« Reply #9 on: November 09, 2018, 10:21:36 am »
Maybe there is a minimum current to have to make the psu switch between constant voltage (cv)  and constant current (cc), i would say 1ma  is very low output,  and without a load the supply may hesitate ?

Some fixed 3 pins regulators ask a minimal current consumption to operate efficiently ?

For the small drop in voltage vs the read values, i would say you may do a recalibration,  but i think youll have to settle with this.  I do think theses psu's with many other models of the same league uses 8 bits mcu's or dac's, you may hae some loss in the designs of the circuits. You can have some discrepancies with the voltmeters or ammeters in some models, even an perfect calibration will have some tolerance to deal with.

Any GPD-3303S owners there to confirm ?
 

Offline Ingo

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Re: GW Instek GPD-3303S - slow voltage drop
« Reply #10 on: November 09, 2018, 05:36:16 pm »
Thanks for your Answer.

In between I ordered an inrush current limiter, because sometimes when I switch on the PSU the fuse for the mains socket switches off and I sit in the dark. I think the peak current in the moment of "switch on" must to be high - surprisingly for a 250 W PSU.

Ingo.
 

Online coromonadalix

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Re: GW Instek GPD-3303S - slow voltage drop
« Reply #11 on: November 09, 2018, 10:46:07 pm »
For an exaample of load and line regulation  my Kikusui Pad 70-5L   an old linear model is 1mv,  yours is supposed to be 3mv,  as i said  added digital circuits / converters  add some loss.   

Just saw you have 16 bits resolutions DAC's, and a Pic 18f85j10 and 16 bits ADC,   pretty good stuff in there, i'm impressed  :)


In smps when the fuse generally blows up, many transistors in the switching section has gone bad, its a last protection measure.  Still havent found my HY3010E-2 troubles, the main smps section has severly busted ?  lots of precision resistors and mosfets later, still a paper weight.

But yours is based on a toroid transformer a good design choice,  love to see x-former secondary relays switching, to minimize the heat dissipation.

I think you have the service manual, just foun out this ?  : http://www.eltest.hu/pdf/GPD3303SM.pdf

On page 89  we see the input circuit,  i dont see any  EMI/RFI filter ?!    Not sure you could cram one in there easily ?

Would be nice to measure the inrush current when you start your supply,  you could change the fuse for an slowblow model ?

 

Online coromonadalix

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Re: GW Instek GPD-3303S - slow voltage drop
« Reply #12 on: November 09, 2018, 10:49:45 pm »
Oh  just saw this here : http://www.eevblog.com/forum/testgear/thoughts-on-gw-instek-3303s-supply/

Kleinstein did have a go  (reply #26 - on the last post) to limit some inrush current,  send him an email to check if it was worth it ??
 

Offline Ingo

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Re: GW Instek GPD-3303S - slow voltage drop
« Reply #13 on: November 11, 2018, 06:22:39 am »
Thanks again.
Yes I found the service manual and had a look at the schematic. The relays that switch the transformer to reduce power dissipoation works well but I found that the hysteresis between the switching point wile increasing and drcreasing the output voltage is only 0.6V. This could lead to fast switching realays if constant current mode is set and the load resistance varies. therefore it might be worth to increase that hysteresis to about 2V or to implement a delay that delays the switching of the relays while the output voltage decreases.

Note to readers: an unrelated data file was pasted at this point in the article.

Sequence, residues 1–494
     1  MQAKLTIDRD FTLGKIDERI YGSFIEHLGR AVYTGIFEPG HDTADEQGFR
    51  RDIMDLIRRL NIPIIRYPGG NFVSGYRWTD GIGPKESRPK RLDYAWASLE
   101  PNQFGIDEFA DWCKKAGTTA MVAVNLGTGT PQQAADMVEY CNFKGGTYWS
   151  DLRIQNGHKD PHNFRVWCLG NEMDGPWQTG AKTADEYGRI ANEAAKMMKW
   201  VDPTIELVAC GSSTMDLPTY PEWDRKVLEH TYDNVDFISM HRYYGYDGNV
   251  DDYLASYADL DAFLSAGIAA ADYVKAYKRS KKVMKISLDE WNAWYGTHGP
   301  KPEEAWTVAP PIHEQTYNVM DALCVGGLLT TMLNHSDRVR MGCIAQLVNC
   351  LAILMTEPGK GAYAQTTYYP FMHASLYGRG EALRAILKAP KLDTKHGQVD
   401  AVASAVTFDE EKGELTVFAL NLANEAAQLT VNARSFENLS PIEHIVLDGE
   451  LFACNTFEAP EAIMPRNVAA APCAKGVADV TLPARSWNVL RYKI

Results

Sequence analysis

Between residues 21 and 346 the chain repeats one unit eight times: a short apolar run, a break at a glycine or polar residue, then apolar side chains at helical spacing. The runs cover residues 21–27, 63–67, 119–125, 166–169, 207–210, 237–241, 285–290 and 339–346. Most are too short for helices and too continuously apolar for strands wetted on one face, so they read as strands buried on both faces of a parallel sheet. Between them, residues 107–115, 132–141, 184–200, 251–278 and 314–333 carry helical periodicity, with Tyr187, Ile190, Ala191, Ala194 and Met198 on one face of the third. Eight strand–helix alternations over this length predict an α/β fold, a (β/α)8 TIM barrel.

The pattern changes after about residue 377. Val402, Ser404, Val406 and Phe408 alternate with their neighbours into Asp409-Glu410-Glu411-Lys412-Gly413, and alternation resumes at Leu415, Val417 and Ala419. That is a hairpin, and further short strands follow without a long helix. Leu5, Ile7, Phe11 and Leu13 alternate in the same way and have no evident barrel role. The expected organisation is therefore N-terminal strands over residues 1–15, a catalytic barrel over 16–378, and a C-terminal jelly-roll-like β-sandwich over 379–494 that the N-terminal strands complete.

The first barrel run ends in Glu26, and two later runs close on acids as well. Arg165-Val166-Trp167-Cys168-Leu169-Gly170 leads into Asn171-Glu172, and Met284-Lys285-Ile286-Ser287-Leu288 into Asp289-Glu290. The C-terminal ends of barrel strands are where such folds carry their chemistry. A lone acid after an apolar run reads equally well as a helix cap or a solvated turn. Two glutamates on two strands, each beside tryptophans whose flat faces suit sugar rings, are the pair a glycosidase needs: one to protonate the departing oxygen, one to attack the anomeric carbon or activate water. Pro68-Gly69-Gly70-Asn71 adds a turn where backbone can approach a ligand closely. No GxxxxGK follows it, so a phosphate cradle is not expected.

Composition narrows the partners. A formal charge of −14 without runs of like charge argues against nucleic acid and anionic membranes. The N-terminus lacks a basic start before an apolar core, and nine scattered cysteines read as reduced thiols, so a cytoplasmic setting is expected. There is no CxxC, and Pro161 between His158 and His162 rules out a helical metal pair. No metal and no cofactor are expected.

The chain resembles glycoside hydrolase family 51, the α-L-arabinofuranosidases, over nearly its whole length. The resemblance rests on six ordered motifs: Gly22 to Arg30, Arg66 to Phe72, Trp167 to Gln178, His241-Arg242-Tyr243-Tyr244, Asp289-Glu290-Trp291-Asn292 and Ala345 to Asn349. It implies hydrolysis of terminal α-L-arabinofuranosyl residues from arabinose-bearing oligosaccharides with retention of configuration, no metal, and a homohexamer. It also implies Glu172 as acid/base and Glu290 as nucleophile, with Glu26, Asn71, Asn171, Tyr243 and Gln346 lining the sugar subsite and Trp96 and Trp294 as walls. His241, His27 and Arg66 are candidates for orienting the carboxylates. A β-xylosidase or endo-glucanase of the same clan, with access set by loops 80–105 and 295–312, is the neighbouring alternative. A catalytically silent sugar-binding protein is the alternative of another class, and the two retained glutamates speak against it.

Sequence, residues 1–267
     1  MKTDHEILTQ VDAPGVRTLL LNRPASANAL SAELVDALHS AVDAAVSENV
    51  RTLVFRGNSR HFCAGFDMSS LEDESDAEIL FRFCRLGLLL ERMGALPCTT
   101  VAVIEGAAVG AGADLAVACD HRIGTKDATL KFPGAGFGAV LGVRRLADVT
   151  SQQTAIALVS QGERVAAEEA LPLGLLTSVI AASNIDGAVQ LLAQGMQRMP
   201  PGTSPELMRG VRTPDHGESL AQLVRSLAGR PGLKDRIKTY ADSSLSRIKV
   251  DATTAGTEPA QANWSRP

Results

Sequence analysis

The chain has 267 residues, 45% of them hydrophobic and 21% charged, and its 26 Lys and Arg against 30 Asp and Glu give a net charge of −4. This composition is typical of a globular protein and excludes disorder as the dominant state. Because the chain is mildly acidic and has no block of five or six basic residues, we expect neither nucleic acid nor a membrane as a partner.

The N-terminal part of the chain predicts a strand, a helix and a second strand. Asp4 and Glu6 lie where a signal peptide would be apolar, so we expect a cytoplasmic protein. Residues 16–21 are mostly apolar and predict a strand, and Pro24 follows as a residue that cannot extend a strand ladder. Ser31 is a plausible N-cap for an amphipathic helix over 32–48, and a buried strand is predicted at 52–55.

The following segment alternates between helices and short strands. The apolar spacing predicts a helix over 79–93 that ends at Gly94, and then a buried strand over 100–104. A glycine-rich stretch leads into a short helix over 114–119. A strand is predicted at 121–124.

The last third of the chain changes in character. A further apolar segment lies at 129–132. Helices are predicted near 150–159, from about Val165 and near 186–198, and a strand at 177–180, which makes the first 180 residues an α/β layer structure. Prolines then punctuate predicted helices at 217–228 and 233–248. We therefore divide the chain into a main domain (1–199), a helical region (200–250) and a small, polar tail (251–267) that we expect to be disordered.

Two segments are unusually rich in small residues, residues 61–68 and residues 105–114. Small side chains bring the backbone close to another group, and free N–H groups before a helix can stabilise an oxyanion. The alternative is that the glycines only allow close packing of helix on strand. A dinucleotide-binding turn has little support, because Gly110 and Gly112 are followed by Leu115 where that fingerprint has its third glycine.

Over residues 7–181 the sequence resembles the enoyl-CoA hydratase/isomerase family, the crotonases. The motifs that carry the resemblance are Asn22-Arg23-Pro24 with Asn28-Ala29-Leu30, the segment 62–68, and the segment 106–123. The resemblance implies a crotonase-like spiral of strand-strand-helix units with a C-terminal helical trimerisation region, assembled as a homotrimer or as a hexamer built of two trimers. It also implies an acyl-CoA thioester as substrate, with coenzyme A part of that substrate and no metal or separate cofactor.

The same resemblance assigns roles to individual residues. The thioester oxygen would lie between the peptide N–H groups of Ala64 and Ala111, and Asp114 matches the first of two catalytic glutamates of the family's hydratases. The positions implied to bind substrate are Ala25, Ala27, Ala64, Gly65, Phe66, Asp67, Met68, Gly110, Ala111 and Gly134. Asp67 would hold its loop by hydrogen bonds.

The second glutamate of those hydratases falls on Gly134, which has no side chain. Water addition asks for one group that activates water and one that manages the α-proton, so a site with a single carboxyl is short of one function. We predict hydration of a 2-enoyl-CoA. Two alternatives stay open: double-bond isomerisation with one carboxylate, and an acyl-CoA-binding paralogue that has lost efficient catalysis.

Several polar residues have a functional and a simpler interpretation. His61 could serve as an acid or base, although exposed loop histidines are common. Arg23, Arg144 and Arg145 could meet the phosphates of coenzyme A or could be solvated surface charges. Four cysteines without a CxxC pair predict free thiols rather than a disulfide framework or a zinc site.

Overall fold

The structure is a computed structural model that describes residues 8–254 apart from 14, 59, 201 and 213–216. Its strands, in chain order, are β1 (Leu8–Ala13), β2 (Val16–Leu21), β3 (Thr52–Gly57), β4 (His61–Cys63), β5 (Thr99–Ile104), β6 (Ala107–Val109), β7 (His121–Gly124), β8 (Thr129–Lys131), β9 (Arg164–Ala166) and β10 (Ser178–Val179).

I think I will add a relay in series to the mains switch. The contact of the relay that is in series with the mains line should have a parallel resistor of abou 22 Ohm. The relais gets its energy from any of the DC circuits at the secondary side of the transformer. The relais contact shorts the 22 Ohm resistor. This way the initial current is limited.

Ingo.
 

Online coromonadalix

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Re: GW Instek GPD-3303S - slow voltage drop
« Reply #14 on: November 11, 2018, 07:18:39 am »
Or an timed relay / resistor on the main ac, done with an 555 ??
 

Online JFJ

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Re: GW Instek GPD-3303S - slow voltage drop
« Reply #15 on: November 11, 2018, 08:09:26 am »
I think I will add a relay in series to the mains switch. The contact of the relay that is in series with the mains line should have a parallel resistor of abou 22 Ohm. The relais gets its energy from any of the DC circuits at the secondary side of the transformer. The relais contact shorts the 22 Ohm resistor. This way the initial current is limited.

Alternatively, you could just fit a 20 Ohm Inrush Current Limiting (ICL) NTC thermistor in series with the line supply, e.g. something like this:

https://uk.farnell.com/epcos/b57236s0200m000/thermistor-ntc/dp/9751890
 

Offline Ingo

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Re: GW Instek GPD-3303S - slow voltage drop
« Reply #16 on: November 11, 2018, 09:29:24 pm »
Hi JFJ,

yes this would also solve the problem but the NTC would remain hot while using the power supply and its temperature and resistance would depend on the load at the PSU output.

The PSU is in standby mode every time you switch it on - no output is activated. So it does not need much current at primary input of the transformer in that case. A 22 Ohm resistor would limit the input peak current to lower than 10 A in every case and otherwise allow that all voltages needed to start the PSU will have the right values.
If I then power a relay from a raw 24V line of one of the 15V auxiliary voltages then this relay shorts the resistor. Then not extra heat is produced. I can buy for example a 24V relay that can switch 20A with a coil resistance of 1440 Ohm resulting in only 17mA current (0.4W power). In series to the relay coil I can place a resistor with a big parallel electrolyt capacitor (for start up) to reduce the DC current through the relay to a value that keeps it on. This way the 24V line is not loaded too much and the relay keeps cool.
The relay switches on if the secondary voltage is high enough - so the input peak current of the transformer is gone - there is no additional delay necessary.

Ingo.
« Last Edit: November 11, 2018, 11:54:29 pm by Ingo »